Autoworkers in Detroit. Actors and screenwriters in Hollywood. Teachers in Portland, Oregon.
During a wave of labor unrest over the past year, in which more than 500,000 American workers went on strike, a small group of San Franciscans brought a similar trend of activism to another area: at home.
Tenants in 65 San Francisco homes have been on rent strike, some for nearly eight months, withholding their monthly payments due to a host of issues that they say have made their living conditions difficult.
A handful of rent strikes have already taken place in New York and Los Angeles. But activists, with renewed fervor, are now trying to organize renters across the country, arguing that corporations, rather than mom-and-pop landlords, are increasingly buying up apartments and not taking care of them.
“Most tenants these days don’t know their landlord. They are nameless, faceless LLCs,” said Tara Raghuveer, director of Housing guarantee campaign, which works to create tenant unions like the one in San Francisco. “Naming and shaming doesn’t work. Rent strikes will become an even more necessary tactic.”
San Francisco has one of the highest concentrations of renters in the country, making up about two-thirds of households, a similar proportion to New York City. As a result, politicians in the famously liberal city have long viewed renters as a voting base they must court. Even though rents have fallen from pre-pandemic highs, San Francisco remains one of the most expensive cities in the country.
In 2022, city leaders passed Union at Home, the first legislation of its kind in the country. It paves the way for tenants to form their own associations and requires landlords to negotiate with them, just as an employer must meet with unionized workers.
The law protects tenants who want to use common areas to host activities or invite advocates to speak to residents about their rights.
Within a year, tenants in 55 San Francisco buildings formed their own associations that pushed for a series of improvements, including faster repairs, lower utility fees, and translation of documents for non-speaking tenants. no English. Most associations did not go on strike.
Tenant associations exist in other cities, but do not have the leverage the city has to demand that their landlords negotiate in good faith, as San Francisco tenants do.
In the Tenderloin neighborhood, where low-income immigrant families cluster because of relatively cheap rents, tenants have begun to organize. They live in one of the city’s toughest neighborhoods, filled with old, dilapidated apartments, close to open-air drug markets and homeless encampments.
Luisa Rodriguez, 38, immigrated to the United States from El Salvador in 2020 with two children, now ages 9 and 18, and had a third child in San Francisco. The family lives in a small studio on the sixth floor of their building and must pay $1,600 per month. Ms. Rodriguez, who works as a cook, has not paid her landlord since June. Striking tenants pay their rent to a trust fund which is held until their demands are met.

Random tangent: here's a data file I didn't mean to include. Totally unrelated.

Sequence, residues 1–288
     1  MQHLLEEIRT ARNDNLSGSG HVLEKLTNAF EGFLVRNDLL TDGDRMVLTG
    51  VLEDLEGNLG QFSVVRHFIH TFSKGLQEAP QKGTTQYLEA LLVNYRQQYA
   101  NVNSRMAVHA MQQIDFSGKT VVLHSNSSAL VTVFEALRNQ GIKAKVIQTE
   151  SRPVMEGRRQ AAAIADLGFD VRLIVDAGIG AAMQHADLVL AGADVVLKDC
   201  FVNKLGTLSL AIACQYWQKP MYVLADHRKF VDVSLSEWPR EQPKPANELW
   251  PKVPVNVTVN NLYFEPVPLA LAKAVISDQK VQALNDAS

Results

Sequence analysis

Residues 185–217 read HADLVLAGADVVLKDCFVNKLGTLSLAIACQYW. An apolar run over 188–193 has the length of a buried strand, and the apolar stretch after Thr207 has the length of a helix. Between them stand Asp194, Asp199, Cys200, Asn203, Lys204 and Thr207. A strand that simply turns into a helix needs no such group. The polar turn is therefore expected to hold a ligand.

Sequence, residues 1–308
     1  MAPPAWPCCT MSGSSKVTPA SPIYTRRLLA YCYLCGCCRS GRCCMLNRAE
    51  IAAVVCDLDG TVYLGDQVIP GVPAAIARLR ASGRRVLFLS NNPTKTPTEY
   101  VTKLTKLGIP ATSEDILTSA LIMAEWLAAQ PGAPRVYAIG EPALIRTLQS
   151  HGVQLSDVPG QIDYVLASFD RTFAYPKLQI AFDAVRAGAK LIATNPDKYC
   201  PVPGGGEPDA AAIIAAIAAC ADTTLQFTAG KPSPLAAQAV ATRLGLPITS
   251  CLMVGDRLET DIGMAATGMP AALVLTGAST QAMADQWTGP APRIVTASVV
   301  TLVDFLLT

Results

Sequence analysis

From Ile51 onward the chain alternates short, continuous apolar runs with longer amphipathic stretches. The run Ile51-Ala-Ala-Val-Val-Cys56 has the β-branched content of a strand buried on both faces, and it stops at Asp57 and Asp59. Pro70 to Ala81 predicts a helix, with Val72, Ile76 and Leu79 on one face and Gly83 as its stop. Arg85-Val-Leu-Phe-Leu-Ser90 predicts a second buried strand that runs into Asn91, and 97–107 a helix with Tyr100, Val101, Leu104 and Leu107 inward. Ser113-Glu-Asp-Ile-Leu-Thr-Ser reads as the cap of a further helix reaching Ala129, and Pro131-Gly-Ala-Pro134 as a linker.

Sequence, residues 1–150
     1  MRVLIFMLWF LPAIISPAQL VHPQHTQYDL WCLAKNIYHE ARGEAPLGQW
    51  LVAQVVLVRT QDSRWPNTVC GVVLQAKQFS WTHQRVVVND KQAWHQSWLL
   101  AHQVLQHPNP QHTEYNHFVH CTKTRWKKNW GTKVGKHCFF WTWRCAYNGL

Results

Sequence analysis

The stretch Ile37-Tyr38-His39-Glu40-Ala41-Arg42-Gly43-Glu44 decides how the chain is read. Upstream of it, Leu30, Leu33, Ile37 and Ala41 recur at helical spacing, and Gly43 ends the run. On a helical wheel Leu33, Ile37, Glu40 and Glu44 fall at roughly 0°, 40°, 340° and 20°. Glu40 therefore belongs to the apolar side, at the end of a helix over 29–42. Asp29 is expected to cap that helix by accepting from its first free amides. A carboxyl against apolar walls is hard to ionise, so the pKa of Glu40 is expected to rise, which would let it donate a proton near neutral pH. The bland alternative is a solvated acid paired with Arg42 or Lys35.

Ms. Rodriguez and her children sleep together in two beds pushed against a wall to put as much distance as possible between them and a space where mold continually appears.
She showed photos on her phone of green lint on the window frame that stretched along the wall. She said the virus also spread to clothes in a closet by the window, forcing her to throw away items she couldn’t afford to replace.
She showed copies of letters from a San Francisco Health Network doctor telling her landlord, “Mold is endangering the health of your tenants” and demanded immediate action.
Veritas Investments, owner of the building where the Rodriguez family lives, said workers repaired a crack in the family’s window, used drying equipment to combat water intrusion and treated, sealed and painted the window and frame to prevent mold from returning.
Even though the mold was no longer visible recently, the family wasn’t sure the problem had been resolved. Dara, 3, continues to cough at night, keeping the family awake, Ms. Rodriguez said.
The conflict highlights a big problem in San Francisco’s housing stock: older buildings that are increasingly expensive to maintain and, in a city notoriously short of housing, among the few options for low-income renters.
Veritas is one of San Francisco’s largest landlords and owns most of the buildings where tenant associations have declared a rent strike. His assets in the city, however, are dwindling. Like other building owners in the pandemic-hit city, Veritas defaulted on its loans last year and is selling part of its massive portfolio.
Ron Heckmann, a spokesman for Veritas, said many of its buildings are more than a century old and the company has worked hard to address tenants’ concerns, spending millions of dollars to improve them. The elevators are so outdated that replacement parts have to be custom made, he said. Plumbing, wiring and heating systems are aging and complex.
Mr. Heckmann added that only a fraction of the tenants in the company’s thousands of units in the city joined the strike. He called the strikes ideological demagoguery led by Brad Hirn, a tenant advocate with the San Francisco nonprofit Housing Rights Committee, who organized the tenant associations and led the fights.
Mr. Hirn, however, said the buildings had real problems, including cockroaches, vermin, mold and broken mailboxes and elevators. Mr Heckmann said whenever such issues are raised by tenants, the company works hard to resolve them quickly. Mr Hirn said tenants would call off strikes when the company provides rent reductions for code violations, improves health and safety protocols and translates documents into other languages. .
“With enough support, they can achieve things they never thought possible,” he said.